See also  Custom Wooden Crutch

White Meat

For grilling chicken among other types of poultry, you might benefit from a combination of oak and cherry.

You can rely on the oak most heavily for cooking, but you can add cherry as the meat cooks to let in a bit of smoky fruit flavor that’s not too sweet. Besides, cherry smells even better than cedar!

Using other fruitwoods, like apple, apricot and peach, might present sweeter or tangier notes, but none should overpower the inherent flavors of most birds.


In particular, applewood is the most popular fruitwood, owing its popularity to a high amount of sweetness and tang that make it versatile enough for all poultry or even pork.


Finally, peach contrasts against other wood by being effective primarily for shellfish or other seafood. It doesn’t overwhelm food with heat, and its mild flavor makes it the best wood for grilling shrimp or scallops. Peach can cook poultry and pork, but it’s best for seafood.

The Other White Meat

Pork is also a good fit for hotter, denser wood like oak and hickory, but it’s also light and sweet enough by itself to be a good match for maple. Sugar maple is good for making all forms of pork fall right off the bone.

The signature sweetness of maple wood is hardly replicable. Whether you’re working with ground pork, sausages or whole chops, maple is your best bet.

How Can I Store Leftovers?

If you have any leftovers, save the food for tomorrow, and stack extra firewood appropriately. Extra firewood needs to maintain dryness to be effective in the future.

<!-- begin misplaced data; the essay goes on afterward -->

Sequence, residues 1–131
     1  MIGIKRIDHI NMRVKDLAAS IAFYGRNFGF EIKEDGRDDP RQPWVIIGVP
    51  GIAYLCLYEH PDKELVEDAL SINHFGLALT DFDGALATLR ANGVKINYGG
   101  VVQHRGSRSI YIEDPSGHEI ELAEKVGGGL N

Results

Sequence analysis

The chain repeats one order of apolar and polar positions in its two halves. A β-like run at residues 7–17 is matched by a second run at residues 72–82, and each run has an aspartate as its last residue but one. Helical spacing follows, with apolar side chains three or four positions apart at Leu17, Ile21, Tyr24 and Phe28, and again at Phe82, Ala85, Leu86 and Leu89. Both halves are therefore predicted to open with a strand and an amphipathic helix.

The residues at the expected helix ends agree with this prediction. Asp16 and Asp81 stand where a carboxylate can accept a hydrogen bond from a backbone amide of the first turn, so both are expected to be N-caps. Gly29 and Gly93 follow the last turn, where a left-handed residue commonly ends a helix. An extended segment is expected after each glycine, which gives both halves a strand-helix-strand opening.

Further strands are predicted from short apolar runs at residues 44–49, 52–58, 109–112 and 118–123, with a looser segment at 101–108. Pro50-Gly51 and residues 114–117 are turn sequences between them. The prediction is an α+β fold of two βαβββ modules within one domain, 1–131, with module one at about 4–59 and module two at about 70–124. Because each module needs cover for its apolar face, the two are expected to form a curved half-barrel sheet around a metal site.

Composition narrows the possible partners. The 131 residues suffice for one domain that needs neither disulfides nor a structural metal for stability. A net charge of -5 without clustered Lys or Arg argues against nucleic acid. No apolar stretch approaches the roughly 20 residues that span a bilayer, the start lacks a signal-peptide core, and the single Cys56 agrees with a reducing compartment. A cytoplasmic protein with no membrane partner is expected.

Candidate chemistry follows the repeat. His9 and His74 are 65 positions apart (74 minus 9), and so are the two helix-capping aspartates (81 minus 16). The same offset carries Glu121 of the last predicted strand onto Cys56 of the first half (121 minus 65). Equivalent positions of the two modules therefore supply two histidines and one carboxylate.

See also  Rhody Today

Keeping firewood outside is a good start. You should leave it under either an awning or a loose tarp to protect it without reducing airflow among individual pieces of wood. And as you stack them, make sure there’s a lot of space among the logs, as this will also allow for greater airflow.

Finally, keep your firewood off the ground. Leaving it on a pallet or concrete is most effective.

Where Can I Restock on the Good Stuff?

As wood-fired cooking becomes more popular among restaurant owners and home cooks across the country, we know you’ll enjoy using premium cooking wood in your grill. The social aspect of gathering around a fire is just as important as what you’re cooking.

Whether you’re a long-term veteran of wood-fired cooking or you’re just starting out, we hope you’ll enjoy your own wood-fired cooking sometime this season.

If you want to know where to buy wood for grilling, Lumberjacks is proud to offer an impeccably dry and dense selection among apple, cherry, oak and hickory. Please call, email or fill our online form to score some killer cooking wood.

Previous articleLearn to Fish Glide Baits for Giant Bass
Next articleUtah’s Game Fish: Largemouth Bass
Ethan Smith is a seasoned marine veteran, professional blogger, witty and edgy writer, and an avid hunter. He spent a great deal of his childhood years around the Apache-Sitgreaves National Forest in Arizona. Watching active hunters practise their craft initiated him into the world of hunting and rubrics of outdoor life. He also honed his writing skills by sharing his outdoor experiences with fellow schoolmates through their high school’s magazine. Further along the way, the US Marine Corps got wind of his excellent combination of skills and sought to put them into good use by employing him as a combat correspondent. He now shares his income from this prestigious job with his wife and one kid. Read more >>